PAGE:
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XP Pro: Computer randomly freezes with no error message.

Last Modified: 2012-08-13
Well, I have been experiencing problems with my Windows XP Pro, as it has been randomly freezing and there are no error messages, no screens, nothing. The music I was listening to skips and the mouse is frozen in one spot. Ctrl+Alt+Del doesn't do anything either. The computer is just totally unresponsive. I have to reboot to get it to work again, and this is very agonizing.
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and clean up your system.
start->run->msconfig and disable all the programs and start enabling one by one to see if the problem is some application.

start->run->sfc /scannow
and check all the system files.

do u have all the updates for windows, your drivers and BIOS>

your RAM is ok. check this.
use these to test RAM.

The website for memtest is http://www.memtest86.com/


I tried the "start->run->sfc /scannow" and I dont know if that did anything, but I am scanning for viruses and I made a disk from "http://www.memtest86.com/". When it is done scanning I will try it, thanks. I hope it will work.


I ran a virus scan, and there were no viruses. I did a RAM test, but there were no errors, so I don't know what to do now...


Hmmm, I am doing the sfc /scannow, but it wants a disc. And I dont have it.. What should I do?

what make/model is your laptop?

are you patched to the latest versions of Windows and Internet Explorer?

if u do not have XP disk, then sfc /scannow can not determine if any of system file is corrupt.
u can try other suggestion and see if any of other catch the problem.
Rich RumbleSecurity Samurai
Top Expert 2006

bios updates... look there.
Ram check's don't tell you much-, update bios... update all drivers... and go to windows update...etc...

start > run > "chkdsk /f" (no quotes btw)
say Yes in the CMD window and then reboot.


I've done everything that has been suggested, but I can't seem to find anything wrong. So, If anyone has any other suggestions that would be appreciated. Thanks

If your using a laptop and your doing any heavy duty cpu stuff like playing music while watching a video while chatting online while and so on, then there's a good chance you just don't have enough ram. In addition to the standard memory load from explorer and services, etc. laptops also usually have some extra overhead in the form of device drivers and whatnot do to their removable devices, proprietary configuration software, etc. I used to run 98 with 128mb on a thinkpad and it would crash several times a night while watching videos and chatting. Laptops just seem to be less stable than desktops for the most part.  See how much ram you have and if it is less than 256mb, you might want to upgrade.  ram upgrades are usually easy to do even for laptops because they usually have a separate access cover just for the ram cards.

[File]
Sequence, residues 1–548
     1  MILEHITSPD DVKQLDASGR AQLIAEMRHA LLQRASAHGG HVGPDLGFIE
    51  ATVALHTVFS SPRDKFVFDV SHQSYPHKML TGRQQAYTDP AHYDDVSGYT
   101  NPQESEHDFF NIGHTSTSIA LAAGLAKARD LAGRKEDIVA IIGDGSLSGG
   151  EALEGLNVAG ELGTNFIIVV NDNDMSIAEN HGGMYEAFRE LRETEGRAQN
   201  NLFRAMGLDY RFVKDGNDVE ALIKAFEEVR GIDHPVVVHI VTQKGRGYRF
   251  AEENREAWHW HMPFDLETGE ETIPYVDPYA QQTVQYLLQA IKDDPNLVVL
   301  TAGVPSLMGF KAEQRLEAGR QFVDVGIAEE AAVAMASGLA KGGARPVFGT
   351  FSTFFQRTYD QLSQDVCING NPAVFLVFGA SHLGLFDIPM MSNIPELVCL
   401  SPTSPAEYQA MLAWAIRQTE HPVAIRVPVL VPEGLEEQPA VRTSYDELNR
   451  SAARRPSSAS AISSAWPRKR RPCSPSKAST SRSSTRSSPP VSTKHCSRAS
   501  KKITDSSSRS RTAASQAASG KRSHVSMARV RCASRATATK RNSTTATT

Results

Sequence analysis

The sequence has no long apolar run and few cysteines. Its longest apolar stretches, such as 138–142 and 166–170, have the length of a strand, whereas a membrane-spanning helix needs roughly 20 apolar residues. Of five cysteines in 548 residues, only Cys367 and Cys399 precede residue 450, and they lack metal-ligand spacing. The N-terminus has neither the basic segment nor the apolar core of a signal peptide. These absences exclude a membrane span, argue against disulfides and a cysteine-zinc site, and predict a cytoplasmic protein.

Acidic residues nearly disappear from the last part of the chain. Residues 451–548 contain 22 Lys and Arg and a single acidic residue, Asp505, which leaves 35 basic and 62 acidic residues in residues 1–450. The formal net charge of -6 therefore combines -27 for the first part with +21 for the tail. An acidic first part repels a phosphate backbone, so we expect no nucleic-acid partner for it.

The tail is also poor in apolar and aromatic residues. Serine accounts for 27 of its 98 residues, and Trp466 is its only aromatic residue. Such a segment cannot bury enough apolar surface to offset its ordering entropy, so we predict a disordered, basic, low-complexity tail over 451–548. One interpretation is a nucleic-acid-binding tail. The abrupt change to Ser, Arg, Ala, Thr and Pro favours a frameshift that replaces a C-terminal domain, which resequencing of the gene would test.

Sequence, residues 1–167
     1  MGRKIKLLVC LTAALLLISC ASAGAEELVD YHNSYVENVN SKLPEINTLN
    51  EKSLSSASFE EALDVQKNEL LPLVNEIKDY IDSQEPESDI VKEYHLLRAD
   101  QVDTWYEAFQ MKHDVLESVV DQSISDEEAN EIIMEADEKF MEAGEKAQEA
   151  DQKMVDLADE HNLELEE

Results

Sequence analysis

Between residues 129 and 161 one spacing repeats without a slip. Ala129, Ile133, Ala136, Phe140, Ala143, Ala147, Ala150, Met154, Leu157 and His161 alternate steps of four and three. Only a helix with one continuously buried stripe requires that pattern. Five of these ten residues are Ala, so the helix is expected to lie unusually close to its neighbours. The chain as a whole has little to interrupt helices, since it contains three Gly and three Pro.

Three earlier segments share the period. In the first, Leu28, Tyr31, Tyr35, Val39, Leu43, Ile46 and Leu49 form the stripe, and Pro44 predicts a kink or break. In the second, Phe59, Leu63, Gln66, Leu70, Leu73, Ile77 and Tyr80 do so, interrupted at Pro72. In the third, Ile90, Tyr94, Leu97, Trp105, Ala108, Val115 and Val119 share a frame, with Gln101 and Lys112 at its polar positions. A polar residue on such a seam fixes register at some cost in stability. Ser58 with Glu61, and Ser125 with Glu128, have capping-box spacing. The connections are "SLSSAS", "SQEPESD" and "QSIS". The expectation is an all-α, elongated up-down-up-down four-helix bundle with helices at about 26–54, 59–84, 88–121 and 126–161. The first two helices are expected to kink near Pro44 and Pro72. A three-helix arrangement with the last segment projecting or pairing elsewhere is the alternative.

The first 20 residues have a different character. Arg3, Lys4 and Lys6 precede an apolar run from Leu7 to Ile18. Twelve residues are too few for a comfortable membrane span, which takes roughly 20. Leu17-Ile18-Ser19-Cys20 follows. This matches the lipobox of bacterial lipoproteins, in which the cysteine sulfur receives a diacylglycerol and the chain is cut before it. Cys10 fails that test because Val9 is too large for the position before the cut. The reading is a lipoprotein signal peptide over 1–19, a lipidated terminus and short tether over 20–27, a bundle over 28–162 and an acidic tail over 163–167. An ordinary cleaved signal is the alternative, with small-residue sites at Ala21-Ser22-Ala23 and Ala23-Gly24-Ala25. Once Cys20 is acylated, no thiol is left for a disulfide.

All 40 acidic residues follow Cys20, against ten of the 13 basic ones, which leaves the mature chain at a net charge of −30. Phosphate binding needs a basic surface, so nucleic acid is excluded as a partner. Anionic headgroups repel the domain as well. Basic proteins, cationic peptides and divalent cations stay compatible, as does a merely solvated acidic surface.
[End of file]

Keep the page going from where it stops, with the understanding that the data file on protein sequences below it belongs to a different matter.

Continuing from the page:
Kyle SchroederEndpoint Engineer

I don't care what you're doing, XP will *NOT* lock up because you don't have enough RAM, laptop or not.  It might run really really slowly, but it will not hard-lock.  Please provide more details about your system if you know (CPU type, system make/model or motherboard model, etc).

Whoever said ltj3113 had a laptop???  Maybe I'm blind or something, but I never saw that posted by ltj...

Hard-freeze lockups are generally indicative of a hardware problem (either something faulty or an intermittent IRQ conflict of some sort, or overheating CPU, etc).  Low RAM is not going to cause it though (faulty RAM could though.  Just because the memtest86 test passed it doesn't mean its OK.  Try letting it run overnight and see if its still going in the morning.  Does your system (assuming that it is *not* a laptop) have sufficient cooling fans installed?  Is the air blowing out of the case fairly warm?  Was the system working fine for a long time and now suddenly is freezing?  It could be a case of an overly dusty motherboard, causing some components to heat up, etc.  Open the system up and blast it out with some compressed air (canned air, etc), especially the CPU and power supply.  If you get huge clouds of dust, that's likely the problem.



Common Stop Messages for Troubleshooting
When Microsoft® Windows® XP Professional detects a problem from which it cannot recover, it displays a Stop message, which is a text-mode error message that reports information about the condition. Stop messages, sometimes referred to as blue screens, contain specific information that can help you diagnose and possibly resolve the problem detected by the Windows kernel. This appendix describes these Stop messages and helps you understand and interpret them.

The Stop 0x1E message indicates that the Windows XP Professional kernel detected an illegal or unknown processor instruction. The problems that cause Stop 0x1E messages share similarities with those that generate Stop 0xA errors in that they can be due to invalid memory and access violations. This default Windows XP Professional error handler typically intercepts these problems if error-handling routines are not present in the code itself.